www.indymedia.org - Site info
2. Free Republic
www.freerepublic.com - Site info
bugmenot.com - Site info
4. The Petition Site
www.thepetitionsite.com - Site info
5. The Association for Progressive Communications (APC)
www.apc.org - Site info
www.zmag.org - Site info
newsbusters.org - Site info
8. Democracy Now!
www.democracynow.org - Site info
9. Global Voices Online
www.globalvoicesonline.org - Site info
www.speakupwny.com - Site info [Alexia Internet Inc. 2007]
Clearly, some very different conclusions about the prevalent political ideologies of Internet users can be drawn depending on which political activities we look at. Are we considering reading political news online, visiting campaign or government websites, self-identification with a political party or ideology, participating in online political discussions, donating to political organizations, or using the Internet to organize political meetings offline? In addition, the use of simple binary categories of party and/or political ideology may mask important differences in cultural beliefs, as Segal and Handler point out in their article on the alleged bias in academia:
Reports that squeeze the range of political views in academia into the Democratic/ Republican binary collapse a range of political differences that is in fact broader than that present in any other major institution or sector of US society. Consider that within our secular colleges and universities alone, one typically finds an identifiable minority of “conservatives” (notably free-market economists and foreign policy hawks), a large glut of “liberals” (many “classical,” some “neo-”), and yet another minority of “leftists.” The complexity and range of this ideological field is obscured, however, when it is reduced to the question of which of the two mainstream political parties garners the most faculty support. [Segal and Handler 2005: 5]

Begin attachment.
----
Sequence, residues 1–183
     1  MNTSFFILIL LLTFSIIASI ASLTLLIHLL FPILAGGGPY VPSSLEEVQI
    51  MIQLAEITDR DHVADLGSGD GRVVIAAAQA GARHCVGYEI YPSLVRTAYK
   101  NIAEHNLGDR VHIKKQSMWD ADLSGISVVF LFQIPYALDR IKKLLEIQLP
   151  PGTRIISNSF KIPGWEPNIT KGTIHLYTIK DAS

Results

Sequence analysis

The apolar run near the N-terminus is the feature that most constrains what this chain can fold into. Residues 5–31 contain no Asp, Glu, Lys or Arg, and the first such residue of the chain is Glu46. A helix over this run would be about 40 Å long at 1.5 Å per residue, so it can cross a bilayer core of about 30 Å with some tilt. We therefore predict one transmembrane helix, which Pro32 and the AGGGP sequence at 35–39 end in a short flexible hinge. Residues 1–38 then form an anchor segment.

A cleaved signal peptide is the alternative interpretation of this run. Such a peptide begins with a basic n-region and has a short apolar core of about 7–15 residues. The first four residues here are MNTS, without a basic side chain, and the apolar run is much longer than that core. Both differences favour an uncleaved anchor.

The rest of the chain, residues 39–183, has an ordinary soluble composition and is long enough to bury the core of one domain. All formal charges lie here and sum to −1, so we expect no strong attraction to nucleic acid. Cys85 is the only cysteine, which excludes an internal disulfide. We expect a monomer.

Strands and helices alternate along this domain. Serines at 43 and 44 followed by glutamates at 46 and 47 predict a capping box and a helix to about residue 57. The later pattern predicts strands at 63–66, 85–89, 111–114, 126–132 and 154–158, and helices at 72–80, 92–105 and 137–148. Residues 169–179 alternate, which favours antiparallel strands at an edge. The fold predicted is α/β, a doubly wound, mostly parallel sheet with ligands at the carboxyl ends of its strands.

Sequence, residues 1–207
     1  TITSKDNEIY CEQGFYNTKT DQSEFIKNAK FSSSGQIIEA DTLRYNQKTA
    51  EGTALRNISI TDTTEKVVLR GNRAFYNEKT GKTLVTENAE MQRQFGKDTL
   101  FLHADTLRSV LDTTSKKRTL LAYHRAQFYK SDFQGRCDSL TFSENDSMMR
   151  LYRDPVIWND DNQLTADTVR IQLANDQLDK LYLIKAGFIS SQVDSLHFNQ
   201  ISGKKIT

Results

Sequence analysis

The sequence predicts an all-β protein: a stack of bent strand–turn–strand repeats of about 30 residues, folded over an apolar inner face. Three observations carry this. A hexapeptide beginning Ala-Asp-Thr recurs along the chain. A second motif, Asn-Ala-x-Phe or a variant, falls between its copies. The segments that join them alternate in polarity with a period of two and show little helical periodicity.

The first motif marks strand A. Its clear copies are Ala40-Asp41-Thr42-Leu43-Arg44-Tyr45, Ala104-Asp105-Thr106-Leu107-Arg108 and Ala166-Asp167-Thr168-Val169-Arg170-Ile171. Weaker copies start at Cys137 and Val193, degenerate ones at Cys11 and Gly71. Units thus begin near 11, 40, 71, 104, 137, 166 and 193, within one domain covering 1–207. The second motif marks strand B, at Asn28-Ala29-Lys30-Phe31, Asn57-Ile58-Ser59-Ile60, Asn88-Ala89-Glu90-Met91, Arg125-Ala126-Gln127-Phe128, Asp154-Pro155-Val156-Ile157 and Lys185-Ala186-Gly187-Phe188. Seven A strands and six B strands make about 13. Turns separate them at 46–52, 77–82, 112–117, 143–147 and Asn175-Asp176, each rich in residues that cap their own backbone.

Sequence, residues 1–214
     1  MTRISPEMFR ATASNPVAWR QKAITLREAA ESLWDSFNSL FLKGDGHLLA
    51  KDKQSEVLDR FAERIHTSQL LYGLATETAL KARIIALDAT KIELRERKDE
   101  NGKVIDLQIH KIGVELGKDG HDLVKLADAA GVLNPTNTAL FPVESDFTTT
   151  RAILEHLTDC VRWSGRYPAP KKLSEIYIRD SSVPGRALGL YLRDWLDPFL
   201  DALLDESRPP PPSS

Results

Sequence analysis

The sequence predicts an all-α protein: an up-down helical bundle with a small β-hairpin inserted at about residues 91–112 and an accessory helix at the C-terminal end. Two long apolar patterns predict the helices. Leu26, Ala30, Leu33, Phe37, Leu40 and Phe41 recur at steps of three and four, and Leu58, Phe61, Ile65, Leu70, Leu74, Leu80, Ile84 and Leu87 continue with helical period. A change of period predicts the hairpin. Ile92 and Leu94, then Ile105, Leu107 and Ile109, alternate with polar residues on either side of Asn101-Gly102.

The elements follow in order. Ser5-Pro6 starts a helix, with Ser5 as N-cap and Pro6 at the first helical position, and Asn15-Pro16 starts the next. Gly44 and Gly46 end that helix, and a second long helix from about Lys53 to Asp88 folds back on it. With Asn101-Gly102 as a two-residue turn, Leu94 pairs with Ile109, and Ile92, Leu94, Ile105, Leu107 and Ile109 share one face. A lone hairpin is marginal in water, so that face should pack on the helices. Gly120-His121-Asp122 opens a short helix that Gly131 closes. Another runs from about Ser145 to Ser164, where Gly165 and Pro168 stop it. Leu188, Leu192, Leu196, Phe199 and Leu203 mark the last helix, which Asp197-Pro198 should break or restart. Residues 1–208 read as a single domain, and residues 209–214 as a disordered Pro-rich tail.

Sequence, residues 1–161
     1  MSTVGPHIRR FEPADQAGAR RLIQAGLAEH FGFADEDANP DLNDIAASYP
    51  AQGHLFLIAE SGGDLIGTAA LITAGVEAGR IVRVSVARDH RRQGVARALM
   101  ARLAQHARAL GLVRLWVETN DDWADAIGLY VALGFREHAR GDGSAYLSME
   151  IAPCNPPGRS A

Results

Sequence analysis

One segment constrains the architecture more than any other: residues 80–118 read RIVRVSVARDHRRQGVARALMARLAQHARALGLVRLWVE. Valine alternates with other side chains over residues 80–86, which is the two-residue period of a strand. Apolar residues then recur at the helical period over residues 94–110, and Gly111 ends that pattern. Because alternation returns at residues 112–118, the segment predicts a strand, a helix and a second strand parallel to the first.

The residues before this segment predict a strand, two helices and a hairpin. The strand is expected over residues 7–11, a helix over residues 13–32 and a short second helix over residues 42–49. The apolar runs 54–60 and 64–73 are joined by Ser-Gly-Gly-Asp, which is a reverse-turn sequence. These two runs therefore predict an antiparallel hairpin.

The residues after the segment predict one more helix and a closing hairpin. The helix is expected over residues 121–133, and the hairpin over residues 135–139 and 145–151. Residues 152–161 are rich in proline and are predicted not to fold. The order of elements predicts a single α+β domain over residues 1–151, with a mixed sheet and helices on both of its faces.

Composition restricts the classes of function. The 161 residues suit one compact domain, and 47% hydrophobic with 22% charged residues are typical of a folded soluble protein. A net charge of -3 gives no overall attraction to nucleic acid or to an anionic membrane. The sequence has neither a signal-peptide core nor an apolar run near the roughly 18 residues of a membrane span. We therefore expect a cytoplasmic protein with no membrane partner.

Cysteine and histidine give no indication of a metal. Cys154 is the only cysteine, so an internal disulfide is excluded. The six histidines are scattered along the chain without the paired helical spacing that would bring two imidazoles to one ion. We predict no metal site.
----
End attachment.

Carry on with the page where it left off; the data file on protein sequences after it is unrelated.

Therefore, in order to claim either liberal or conservative dominance online, we must not only operationalize what practices constitute this dominance, but also describe the cultural homogeneity/heterogeneity of those within these categories. To a large extent, online social networks and have been forming around these emic categories of political identity, with liberal and conservative groups often forming “nodes within the broader party networks” (Skinner 2005: 1). Which “liberals” and which “conservatives” are being overrepresented and underrepresented within these networks? How can we describe the complex network of political actors and their negotiations of these political identities? Arturo Escobar, in his discussion of biodiversity discourses, states: “As they circulate through the network, truths are transformed and re-inscribed into other knowledge-power constellations. They are alternatively resisted, subverted, or recreated to serve other ends, for instance, by social movements, that became, themselves, the sites of important counterdiscourses” (Escobar 1998: 56). We may similarly ask: how are political discourses transformed as they travel through the “broader party networks”? Answering these questions should give a more nuanced view than simply claiming liberal or conservative dominance of the Internet.